The past few weeks have failed to bring the much-needed upturn in retail interest which is necessary to steady the fall in used car values. Car prices have by no means crashed, but they have fallen for well over a year, leaving most people surprised and disheartened.
Although Cap was predicting it from the end of 1997 the continuing downturn in values has unsettled the whole market and even the optimists are beginning to accept that this year is not going to see a return to the buoyancy of recent years.
So, what is causing the continuing problems?
It is a combination of factors, not least the introduction of the twice-yearly plate change. Apart from the inevitable changes in disposal patterns - and therefore the balance of supply and demand - we should not underestimate the effect of simple confusion it has created among the trade and retail customers.
The other major unsettling factor at the moment is the widespread belief that a price realignment with Europe is under way.
Despite the fact that, overall, new car prices in the UK are still rising, much publicised price cuts on certain models have led to the assumption that these have been prompted by the Office of Fair Trading's inquiry into the nature of Britain's franchised dealer system.
However there remains a strong vein of optimism among many dealers that a return of retail confidence will occur in the latter part of the year. August and September are the favoured months for the arrival of retail punters in significant numbers onto the forecourts.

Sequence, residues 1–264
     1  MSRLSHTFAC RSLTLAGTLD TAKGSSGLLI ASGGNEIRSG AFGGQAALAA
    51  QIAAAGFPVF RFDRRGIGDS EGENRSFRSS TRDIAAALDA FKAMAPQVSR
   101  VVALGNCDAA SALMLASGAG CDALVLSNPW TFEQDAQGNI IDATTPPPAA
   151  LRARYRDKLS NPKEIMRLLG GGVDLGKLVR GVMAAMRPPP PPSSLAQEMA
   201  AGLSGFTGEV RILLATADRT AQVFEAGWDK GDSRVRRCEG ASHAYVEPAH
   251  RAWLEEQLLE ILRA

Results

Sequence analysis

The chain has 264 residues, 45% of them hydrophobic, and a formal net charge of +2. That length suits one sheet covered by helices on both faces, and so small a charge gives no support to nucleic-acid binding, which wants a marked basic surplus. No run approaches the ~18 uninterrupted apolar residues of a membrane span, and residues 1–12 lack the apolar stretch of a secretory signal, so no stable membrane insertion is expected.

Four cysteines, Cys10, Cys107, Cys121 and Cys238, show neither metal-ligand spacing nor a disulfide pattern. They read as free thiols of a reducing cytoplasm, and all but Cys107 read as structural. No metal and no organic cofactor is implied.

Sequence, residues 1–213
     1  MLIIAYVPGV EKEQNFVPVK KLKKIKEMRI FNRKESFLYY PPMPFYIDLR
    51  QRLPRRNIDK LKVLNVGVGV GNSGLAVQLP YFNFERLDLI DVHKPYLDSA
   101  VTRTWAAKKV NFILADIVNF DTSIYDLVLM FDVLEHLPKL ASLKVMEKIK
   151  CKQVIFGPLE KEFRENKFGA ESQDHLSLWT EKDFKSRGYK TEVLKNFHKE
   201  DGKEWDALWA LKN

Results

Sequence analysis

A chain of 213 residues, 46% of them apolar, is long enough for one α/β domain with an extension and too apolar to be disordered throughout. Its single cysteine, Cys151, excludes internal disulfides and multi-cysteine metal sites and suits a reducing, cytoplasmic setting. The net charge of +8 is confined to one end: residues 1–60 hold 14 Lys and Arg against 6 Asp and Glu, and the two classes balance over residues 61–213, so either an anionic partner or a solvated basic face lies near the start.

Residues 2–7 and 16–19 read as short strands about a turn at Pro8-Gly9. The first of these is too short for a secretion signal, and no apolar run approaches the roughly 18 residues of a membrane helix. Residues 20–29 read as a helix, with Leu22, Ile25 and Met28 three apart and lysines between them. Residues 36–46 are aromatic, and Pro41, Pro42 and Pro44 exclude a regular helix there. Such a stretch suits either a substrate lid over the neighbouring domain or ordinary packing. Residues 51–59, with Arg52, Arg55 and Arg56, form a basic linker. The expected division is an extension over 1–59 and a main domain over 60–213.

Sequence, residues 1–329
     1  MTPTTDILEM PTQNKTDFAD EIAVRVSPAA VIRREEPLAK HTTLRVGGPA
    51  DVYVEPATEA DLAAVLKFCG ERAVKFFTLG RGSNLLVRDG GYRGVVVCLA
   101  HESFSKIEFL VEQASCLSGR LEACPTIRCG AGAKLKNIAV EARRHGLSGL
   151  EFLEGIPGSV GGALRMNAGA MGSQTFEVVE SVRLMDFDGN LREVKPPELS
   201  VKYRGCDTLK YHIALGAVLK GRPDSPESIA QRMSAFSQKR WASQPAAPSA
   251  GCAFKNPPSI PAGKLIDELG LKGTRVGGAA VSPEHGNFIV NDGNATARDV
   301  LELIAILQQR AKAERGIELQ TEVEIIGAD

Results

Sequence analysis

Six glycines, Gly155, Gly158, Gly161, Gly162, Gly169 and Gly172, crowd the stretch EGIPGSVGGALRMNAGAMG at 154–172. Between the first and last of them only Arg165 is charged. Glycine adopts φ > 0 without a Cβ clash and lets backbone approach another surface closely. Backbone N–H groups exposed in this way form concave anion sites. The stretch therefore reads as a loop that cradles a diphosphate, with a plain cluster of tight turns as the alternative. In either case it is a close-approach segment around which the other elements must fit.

This is partly based on the belief that old habits die hard and that many of them will continue to follow the traditional buying patterns - at least for this year, while the new system hasn't quite sunk into their minds.
The trade believes that, if anything, the confusion caused by the new plates may have actually reinforced many people's tendency to stick with what is comfortable - and that means changing their car in August.
We should not forget that many finance arrangements will come to an end in August too, which will also motivate many buyers to start shopping again.
But for now, things remain a bit sticky and few I know in the industry have outperformed their own predictions for the year so far. And those who have managed to exceed targets have been carefully reassessing their disposal methods.
Dealers who are hitting original volume targets have tended to do so only at the expense of margins.
Although nobody ever wants to work for less money it is those people who are able to move quickly enough to follow the twists and turns of the market. They are also in a position to capitalise should the hoped-for retail upturn materialise.